Tarkovsky is one of those heavy weight names. A film maker who as you get further away from him you realize, he was just making films after all. I think it has to do with the general cultural cachet that being Russian gives someone. I've read Nabokov, Bulgakov, Chekhov, Tolstoy, Turgenev, Dostoevsky and Gogol. The funny thing is when they were writing there was no such thing as Russian cultural cachet. In fact, they had to struggle not to want to be French, or German. Tarkovsky's The Sacrifice is (I think) a comedy, but I can't be sure. First of all, it's in Swedish. It has Vermeer colour scheme, of paleness, fading to whited out apocalypse. There are elements of somberness to it. The title as well points in the direction of agony as does the use of St Matthew's Passion over the opening titles, (catering by Puck Janssen I noticed as I listened to the lamentation of the prelude). But isn't this a film that is really about a literary critic who has to shag the maid in order to save the world from a nuclear holocaust? And isn't that like funny?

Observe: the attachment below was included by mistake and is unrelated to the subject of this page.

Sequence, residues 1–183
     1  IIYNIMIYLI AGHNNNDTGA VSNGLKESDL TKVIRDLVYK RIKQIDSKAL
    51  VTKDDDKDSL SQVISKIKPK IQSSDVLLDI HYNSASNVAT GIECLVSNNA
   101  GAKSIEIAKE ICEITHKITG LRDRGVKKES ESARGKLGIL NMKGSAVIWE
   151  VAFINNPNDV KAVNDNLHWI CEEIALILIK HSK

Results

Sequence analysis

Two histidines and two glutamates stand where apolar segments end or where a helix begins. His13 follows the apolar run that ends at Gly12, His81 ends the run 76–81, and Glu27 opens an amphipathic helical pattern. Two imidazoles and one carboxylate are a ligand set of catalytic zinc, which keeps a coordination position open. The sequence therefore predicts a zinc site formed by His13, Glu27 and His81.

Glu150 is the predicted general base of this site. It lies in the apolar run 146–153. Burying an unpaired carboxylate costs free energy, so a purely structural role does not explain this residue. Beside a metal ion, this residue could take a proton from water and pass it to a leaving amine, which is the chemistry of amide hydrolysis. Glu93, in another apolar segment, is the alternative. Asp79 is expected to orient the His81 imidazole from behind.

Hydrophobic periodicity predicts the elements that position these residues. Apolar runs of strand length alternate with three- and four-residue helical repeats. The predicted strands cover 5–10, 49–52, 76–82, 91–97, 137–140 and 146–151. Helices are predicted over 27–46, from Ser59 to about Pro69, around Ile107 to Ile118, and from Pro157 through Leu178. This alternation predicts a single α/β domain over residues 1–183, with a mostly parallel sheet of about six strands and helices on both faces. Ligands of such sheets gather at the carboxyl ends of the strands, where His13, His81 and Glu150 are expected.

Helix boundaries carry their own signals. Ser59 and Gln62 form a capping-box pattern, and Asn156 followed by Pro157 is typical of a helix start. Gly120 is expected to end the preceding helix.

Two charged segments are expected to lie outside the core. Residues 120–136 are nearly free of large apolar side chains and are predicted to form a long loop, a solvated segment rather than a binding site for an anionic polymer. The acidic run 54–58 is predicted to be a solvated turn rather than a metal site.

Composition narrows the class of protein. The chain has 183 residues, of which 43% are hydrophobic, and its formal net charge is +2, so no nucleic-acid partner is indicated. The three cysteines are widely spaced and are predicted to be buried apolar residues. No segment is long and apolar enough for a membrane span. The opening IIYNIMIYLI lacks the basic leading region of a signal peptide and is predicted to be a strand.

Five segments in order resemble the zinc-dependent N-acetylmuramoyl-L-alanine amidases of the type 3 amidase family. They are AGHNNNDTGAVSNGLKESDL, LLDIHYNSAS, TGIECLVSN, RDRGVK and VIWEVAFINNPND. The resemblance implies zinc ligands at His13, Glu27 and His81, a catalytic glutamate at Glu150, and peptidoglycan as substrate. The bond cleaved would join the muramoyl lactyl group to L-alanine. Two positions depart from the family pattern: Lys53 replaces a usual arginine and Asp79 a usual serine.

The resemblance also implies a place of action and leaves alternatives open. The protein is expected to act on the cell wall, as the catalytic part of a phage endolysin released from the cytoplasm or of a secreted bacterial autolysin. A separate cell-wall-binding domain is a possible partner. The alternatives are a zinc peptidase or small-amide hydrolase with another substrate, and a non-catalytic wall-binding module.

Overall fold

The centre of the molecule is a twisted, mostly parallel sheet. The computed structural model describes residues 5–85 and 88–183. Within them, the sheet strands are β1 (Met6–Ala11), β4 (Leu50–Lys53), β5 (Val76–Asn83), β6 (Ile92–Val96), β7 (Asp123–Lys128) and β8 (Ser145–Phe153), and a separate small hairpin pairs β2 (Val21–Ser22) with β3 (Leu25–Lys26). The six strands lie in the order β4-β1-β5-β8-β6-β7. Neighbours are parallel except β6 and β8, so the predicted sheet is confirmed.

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John Bleasdale is a writer. His work has appeared in The Guardian, The Independent, Il Manifesto, as well as CineVue.Com and theStudioExec.com. He has also written a number of plays, screenplays and novels.